Chesapeke Life Magazine (January/February 2008)

MOST SAILORS TRY to avoid storms but photographer Russell Cather Levi heads right into them in pursuit of art. "I've shot black, white, and blue squalls," he says. "Those are my favorite shots. Sailors might say, 'He's a fool,' but usually my sails are down, and I'm harnessed in when my camera's on."

A visit to Russell Cather Levi Film Art Photography, his new second-floor gallery on Annapolis's Main Street, reveals a broader attraction to watery environments: His storymy images share wall space with pre-dawn marshes, Bay wildlife, and majestic schooners. "The Chesapeake is my main subject," say Levi, who docks his forty-three-foot Jeanneau sailboat in Annapolis. "From the C&D cnaal to Norfolk and everything navigable in between, I've sailed - and shot it.

The pony-tailed fifty-four-year old, who plays jazz guitar and piano in local venues under the name Russanonynous, studied fine art at Virginia Commonweath University, where he focused on landscape painting and print making. After opening a gallery of his paintings in St. Croix, he moved to Maryland in 1981. While sailing on the Bay, he rekindled his life long love affair with art photography and began ammassing his Chesapeake collection. He first exhibited his photos locally in 2006 at the Galleries at Quiet Waters Park in Annapolis.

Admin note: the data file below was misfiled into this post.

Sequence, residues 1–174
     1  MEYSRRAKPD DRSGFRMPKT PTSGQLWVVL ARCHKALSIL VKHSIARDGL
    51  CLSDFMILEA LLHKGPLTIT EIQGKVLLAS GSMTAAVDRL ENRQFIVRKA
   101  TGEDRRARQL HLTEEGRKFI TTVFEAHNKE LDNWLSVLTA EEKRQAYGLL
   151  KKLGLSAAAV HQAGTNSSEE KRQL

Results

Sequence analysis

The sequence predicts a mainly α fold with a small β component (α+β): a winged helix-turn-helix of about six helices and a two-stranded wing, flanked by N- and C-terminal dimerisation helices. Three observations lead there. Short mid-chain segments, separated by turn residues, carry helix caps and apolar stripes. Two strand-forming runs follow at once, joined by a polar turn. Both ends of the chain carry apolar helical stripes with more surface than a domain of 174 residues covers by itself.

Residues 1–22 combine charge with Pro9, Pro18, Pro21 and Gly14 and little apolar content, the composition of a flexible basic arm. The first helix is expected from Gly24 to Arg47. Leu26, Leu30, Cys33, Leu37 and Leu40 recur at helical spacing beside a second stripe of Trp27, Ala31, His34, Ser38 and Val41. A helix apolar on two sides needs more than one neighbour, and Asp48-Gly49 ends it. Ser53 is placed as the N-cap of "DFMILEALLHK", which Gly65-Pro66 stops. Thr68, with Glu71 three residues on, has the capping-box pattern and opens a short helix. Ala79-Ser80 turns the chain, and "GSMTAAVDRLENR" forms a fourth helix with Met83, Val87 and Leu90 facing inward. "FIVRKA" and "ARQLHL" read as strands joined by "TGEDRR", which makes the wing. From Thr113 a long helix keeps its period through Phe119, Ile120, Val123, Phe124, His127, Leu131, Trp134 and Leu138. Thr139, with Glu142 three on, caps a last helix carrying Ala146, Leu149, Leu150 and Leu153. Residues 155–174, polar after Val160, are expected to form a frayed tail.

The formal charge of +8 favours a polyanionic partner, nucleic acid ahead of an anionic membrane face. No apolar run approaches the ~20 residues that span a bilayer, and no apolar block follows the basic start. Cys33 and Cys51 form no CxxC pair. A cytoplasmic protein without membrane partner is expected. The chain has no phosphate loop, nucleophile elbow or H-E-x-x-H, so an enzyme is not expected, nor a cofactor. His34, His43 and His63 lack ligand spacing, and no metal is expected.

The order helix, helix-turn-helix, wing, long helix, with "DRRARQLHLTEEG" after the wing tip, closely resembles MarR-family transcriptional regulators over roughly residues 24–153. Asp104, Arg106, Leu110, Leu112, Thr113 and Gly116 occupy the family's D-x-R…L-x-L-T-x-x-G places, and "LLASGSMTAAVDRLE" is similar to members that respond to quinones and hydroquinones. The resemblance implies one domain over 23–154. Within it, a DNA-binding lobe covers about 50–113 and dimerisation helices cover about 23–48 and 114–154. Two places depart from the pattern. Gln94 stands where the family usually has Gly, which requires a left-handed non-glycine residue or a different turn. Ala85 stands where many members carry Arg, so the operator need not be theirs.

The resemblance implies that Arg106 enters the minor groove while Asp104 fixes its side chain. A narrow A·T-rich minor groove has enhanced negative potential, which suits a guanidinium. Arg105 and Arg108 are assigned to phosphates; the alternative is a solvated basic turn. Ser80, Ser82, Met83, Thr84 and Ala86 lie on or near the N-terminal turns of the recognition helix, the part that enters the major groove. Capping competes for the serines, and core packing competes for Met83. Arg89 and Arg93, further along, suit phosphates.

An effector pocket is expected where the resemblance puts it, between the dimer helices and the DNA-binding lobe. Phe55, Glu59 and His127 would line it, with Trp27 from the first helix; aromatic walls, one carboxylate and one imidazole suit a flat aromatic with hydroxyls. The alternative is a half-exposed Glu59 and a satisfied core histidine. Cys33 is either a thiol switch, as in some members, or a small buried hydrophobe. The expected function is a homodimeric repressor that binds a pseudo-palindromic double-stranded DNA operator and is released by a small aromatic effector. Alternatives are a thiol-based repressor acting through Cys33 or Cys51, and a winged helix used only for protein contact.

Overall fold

Capturing drama in light is his trademark as most of his images have a soft, etheral feel to them with almost pastel tones. He plans to publish his first coffee table beek, Annapolis Nights, early next yearl ge;s aksi becine jbiwb fir word image photographs, in which is written musings fill the mat surrounding an off-center photo.

For now, he remains devoted to film photography, without special effects or computer edits. "I respect the art of digital photography, but I also believe in the integretity, and I like to exploit the limitiations of film," he says. "A lot of things I od are very soft and grainy. It's low tech and old school.

Elizabeth B. Wrightson ART GALLERY